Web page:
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 Post subject: Slavery
PostPosted: Fri Sep 29, 2017 8:32 pm 
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Even though approximate practices like taking hostages or the possession of heimin by samurai class exist in Rokugan, in general the Emerald Empire has not known the institution of slavery. This is in stark difference to the experience of the Ki-Rin who have encountered it early on in their travels, and have themselves fallen victim to it on some occasions, most notably when the khadi sorcerers of Laramun enslaved the Otaku at the end of the 3rd century.

Slavery has been widely practised across the world of Burning Sands, most notably in the Senpet Empire, the Ivory Kingdoms and in J'li'lu. It is important to note, however, that peoples hailing their ancestry from Hanif tribes, themselves victims of captivity, have been less keen to make slavery the axis of the labour relations in their societies, though even they have often embraced practices like paid servitude or corvée. In most cases individual people or even whole tribes were forced into servitude for the purpose of extracting their labour, in mining, agriculture or in household chores. The demand for slaves has early on precipitated slave hunting and slave trade, with commercial hubs developing robust slave markets. In additional to more professional Senpet slave hunters or pirates, many nomadic tribes have developed customs related to raiding others for slaves or even selling some of their children or youth into slavery. In more civilised societies like Yodotai or Senpet ones, enslavement could be a result of outstanding personal or family debts.

Slavery wasn't necessarily a lifetime or entirely ignominious experience, and at least some of those captured or sold into slavery as youths could hope for manumission in their adult lives. Apart from goodwill of their masters, this could also be treated as a reward for accomplishments. One such practice is that of gladiators who could work off their debts by successful arena fights. This practice, while popular in the Yodotai Empire and elsewhere, in general has not been something the Ki-Rin even remotely picked up, themselves practising martial competition for sport, like in bariqu wrestling. The other two have gained more tracking.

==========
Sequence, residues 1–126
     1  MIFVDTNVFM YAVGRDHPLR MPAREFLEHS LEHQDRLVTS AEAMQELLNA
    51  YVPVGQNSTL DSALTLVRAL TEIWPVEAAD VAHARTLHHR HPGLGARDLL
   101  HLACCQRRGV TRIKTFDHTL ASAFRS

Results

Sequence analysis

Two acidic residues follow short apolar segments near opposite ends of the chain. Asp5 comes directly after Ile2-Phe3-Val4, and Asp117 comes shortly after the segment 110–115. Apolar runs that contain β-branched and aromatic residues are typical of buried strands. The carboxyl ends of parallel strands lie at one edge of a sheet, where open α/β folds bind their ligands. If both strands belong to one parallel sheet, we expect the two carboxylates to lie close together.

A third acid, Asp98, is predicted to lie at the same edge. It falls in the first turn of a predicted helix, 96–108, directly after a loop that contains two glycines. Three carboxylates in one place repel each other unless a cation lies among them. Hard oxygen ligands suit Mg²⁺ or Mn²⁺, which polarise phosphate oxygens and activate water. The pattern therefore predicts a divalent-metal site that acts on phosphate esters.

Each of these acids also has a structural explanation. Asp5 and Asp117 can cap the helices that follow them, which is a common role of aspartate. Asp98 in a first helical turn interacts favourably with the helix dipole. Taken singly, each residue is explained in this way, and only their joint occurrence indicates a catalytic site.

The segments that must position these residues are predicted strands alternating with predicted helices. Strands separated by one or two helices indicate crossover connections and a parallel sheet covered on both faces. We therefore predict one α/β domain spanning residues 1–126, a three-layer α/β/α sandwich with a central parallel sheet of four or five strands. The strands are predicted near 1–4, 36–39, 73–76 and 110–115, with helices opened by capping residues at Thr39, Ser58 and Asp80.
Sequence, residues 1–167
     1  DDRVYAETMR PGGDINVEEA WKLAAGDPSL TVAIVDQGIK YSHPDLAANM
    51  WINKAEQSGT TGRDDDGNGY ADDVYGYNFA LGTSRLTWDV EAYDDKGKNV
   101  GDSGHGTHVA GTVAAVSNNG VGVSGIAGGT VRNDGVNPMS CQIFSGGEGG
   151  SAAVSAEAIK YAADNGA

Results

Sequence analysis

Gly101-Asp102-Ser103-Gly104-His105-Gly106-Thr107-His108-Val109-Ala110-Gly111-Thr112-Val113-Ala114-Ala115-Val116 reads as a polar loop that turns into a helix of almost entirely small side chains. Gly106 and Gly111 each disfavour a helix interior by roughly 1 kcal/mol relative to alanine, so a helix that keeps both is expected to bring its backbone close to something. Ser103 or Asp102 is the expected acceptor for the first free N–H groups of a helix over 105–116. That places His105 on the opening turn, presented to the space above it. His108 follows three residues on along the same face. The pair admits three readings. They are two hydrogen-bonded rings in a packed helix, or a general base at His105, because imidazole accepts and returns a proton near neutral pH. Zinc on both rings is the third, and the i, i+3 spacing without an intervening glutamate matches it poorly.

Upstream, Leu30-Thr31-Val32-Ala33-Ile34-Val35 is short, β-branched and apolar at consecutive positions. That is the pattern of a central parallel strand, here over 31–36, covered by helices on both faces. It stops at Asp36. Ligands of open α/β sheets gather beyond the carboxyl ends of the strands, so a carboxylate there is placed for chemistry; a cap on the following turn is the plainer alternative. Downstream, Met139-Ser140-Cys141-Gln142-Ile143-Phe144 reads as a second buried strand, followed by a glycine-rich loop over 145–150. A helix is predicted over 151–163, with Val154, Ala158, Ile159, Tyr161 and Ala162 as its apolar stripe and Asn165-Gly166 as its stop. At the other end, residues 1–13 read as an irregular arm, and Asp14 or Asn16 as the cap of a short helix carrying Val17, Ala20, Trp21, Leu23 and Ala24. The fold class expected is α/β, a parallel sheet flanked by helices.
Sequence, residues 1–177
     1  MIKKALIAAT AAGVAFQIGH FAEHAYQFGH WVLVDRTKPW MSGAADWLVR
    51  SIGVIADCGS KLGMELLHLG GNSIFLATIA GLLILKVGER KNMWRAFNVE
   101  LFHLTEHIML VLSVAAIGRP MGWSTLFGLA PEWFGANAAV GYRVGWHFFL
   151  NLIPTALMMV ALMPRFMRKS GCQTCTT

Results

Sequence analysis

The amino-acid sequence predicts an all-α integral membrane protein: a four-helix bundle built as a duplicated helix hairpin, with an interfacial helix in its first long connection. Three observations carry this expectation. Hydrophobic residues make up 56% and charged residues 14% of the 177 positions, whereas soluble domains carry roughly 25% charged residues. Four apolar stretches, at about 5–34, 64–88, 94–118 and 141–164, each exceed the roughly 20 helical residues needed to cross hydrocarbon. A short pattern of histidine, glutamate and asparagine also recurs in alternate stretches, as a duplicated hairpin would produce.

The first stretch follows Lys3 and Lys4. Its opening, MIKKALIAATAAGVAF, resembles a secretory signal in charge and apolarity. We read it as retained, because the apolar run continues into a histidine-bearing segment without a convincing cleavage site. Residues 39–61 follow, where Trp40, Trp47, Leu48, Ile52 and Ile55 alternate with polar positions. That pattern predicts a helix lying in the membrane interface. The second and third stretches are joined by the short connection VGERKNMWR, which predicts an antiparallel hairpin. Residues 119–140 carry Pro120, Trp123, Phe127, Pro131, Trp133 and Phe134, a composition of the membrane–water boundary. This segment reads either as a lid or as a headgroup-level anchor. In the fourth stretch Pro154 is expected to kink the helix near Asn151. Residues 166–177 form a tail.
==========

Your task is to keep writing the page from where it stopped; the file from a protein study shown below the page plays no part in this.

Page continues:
First of them is concubinage of slaves, both men and women. It's not unheard of for the Ki-Rin to purchase a spouse or a concubine. One of Shinjo's paramount laws was the ban on inbreeding, which has driven the Ki-Rin to ever pursue newer bloodlines to marry into their community. Attrition inherent to their travels has been amplifying pressure on robust fertility rate and other means of replenishing their numbers. Once more monogamous traditions of Rokugan began to wane, both the demographic imperative and greater immersion in the customs of the Burning Sands has led to acceptance of wider families, with possibly many spouses and concubines that often lived in semi-haremic communities. One important difference was that while in other societies of the sands a concubine would often remain nominally a slave, the wandering Ki-Rin, known as the Unicorn since the second half of the 5th centutry, were considering inclusion into the community as a manumitting experience, though a new member of the family still had to go through a period of transition, often ended by rites of passage and adoption of the new name and new identity. The quickest and most common way to do so was marriage, and concubines that didn't find prospects to marry in the family which had initially adopted them could be legitimately wed to some other members of the Clan after some time, the future of their children decided consensually by the parties concerned. While it were mostly men who sustained such extended families, after the onslaught of the Otaku in the battle with the Shadow in 442 their successors the Naoko were given the privilege to claim male concubines even if it interfered with other haremic communities. While the extremely convoluted family relations that emerged from those practices have made internal matches that would not violate Shinjo's law even more difficult, it only increased the drive to seek spouses outside of Clan.